The P.E.I. Legislature's special committee on poverty heard testimony Wednesday on whether it is feasible to create a basic income guarantee for Prince Edward Islanders.
The idea behind a basic income guarantee is to make sure everyone has enough money to live on. Rather than calculating assistance based on ability to work or find a job, people would be guaranteed a certain income under any circumstances.
The committee is working on how the province could afford such a system.
It heard from Karen McCaffrey, the province's director of social programs. McCaffrey said with rate increases that came into effect Jan. 1, the province has the highest rates for social assistance in the Maritimes.
"For a couple of the categories the highest in the country, for families with two children," she said.
A basic income guarantee could potentially replace social assistance in the province.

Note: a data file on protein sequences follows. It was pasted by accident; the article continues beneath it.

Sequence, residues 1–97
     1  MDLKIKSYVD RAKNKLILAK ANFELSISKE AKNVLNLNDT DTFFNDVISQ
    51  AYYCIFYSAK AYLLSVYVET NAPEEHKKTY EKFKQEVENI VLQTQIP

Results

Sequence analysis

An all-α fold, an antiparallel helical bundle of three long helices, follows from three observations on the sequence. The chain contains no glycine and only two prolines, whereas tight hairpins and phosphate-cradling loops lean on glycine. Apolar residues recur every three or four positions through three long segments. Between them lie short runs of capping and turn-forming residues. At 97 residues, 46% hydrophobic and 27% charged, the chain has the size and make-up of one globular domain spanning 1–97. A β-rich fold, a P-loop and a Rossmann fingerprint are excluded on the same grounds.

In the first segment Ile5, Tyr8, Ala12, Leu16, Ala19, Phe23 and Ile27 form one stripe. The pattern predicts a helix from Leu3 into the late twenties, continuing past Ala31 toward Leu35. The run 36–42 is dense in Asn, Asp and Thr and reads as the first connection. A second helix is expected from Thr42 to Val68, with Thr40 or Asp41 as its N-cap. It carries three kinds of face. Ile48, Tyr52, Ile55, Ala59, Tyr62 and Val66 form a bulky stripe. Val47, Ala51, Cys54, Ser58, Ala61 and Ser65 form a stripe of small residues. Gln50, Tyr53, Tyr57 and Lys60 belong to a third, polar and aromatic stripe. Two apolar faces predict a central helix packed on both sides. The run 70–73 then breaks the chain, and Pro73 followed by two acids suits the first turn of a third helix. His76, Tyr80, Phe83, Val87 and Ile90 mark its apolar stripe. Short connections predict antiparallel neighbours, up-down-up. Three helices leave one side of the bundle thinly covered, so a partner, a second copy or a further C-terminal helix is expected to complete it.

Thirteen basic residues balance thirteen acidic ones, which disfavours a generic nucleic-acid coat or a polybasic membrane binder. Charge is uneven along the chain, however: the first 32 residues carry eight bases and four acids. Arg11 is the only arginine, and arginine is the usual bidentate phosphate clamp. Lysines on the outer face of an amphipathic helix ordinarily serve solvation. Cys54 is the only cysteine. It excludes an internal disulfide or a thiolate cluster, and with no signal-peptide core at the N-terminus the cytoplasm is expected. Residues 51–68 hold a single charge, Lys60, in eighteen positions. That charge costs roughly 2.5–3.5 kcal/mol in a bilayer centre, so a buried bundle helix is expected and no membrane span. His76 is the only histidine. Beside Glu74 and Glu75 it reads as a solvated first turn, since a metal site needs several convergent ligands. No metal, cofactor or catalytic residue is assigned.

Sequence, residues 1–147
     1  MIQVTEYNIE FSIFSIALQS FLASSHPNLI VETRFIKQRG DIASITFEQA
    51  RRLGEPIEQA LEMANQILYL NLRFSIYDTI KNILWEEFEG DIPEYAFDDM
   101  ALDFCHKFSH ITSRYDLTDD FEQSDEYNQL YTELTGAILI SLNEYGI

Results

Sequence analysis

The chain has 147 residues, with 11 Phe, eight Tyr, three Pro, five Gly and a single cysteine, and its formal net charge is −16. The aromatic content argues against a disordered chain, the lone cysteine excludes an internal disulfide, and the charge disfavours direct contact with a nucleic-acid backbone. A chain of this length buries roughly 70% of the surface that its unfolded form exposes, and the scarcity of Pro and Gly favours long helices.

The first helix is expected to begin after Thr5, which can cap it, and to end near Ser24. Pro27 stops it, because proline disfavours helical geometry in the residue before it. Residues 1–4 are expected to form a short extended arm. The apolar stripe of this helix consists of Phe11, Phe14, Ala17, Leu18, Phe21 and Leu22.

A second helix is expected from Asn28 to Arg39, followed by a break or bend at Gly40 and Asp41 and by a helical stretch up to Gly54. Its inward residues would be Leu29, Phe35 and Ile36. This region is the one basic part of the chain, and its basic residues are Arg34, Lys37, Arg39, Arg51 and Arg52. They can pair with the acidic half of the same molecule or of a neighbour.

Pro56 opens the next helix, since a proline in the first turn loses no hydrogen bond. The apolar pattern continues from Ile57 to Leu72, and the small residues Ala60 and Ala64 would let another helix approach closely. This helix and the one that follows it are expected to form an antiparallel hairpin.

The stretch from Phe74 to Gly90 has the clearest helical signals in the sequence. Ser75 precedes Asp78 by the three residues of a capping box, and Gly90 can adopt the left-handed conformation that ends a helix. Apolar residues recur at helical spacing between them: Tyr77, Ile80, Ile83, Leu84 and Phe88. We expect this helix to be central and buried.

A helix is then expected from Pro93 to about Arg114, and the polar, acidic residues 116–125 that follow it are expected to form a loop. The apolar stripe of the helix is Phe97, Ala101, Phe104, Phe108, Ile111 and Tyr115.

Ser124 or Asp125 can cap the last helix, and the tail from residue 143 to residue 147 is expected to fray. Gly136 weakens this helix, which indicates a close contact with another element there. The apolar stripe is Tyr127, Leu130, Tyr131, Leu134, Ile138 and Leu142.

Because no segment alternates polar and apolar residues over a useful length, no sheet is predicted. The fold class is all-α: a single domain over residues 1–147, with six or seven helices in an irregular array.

"Based on the outcome of this committee we would be looking at the impact on our own programs but that's something we haven't looked at yet," said McCaffrey.
Pilot project or experiment?
One of the issues the committee is struggling with is measuring the impact of social assistance, on the province in general, and specifically on the 3,400 families and individuals currently receiving support.
"I want to know how we're going to measure the change. Measurements can become key," said Liberal MLA Gord McNeilly.
"We have to figure out is this going to be a pilot program, where we're testing the system of delivery, or if this is an experiment."
Green MLA Hannah Bell said while social assistance rates may be relatively high on P.E.I., they are well below federal measures of the actual cost of living.
"In PEI, currently, it's $19,000, just over $19,000 a year. A single person on social assistance gets $13,000 a year. That's a really big gap," said Bell.
"We're learning a lot about what we need to take into account."
The committee will continue to hear testimony this month. It aims to deliver a report to the legislature this summer.
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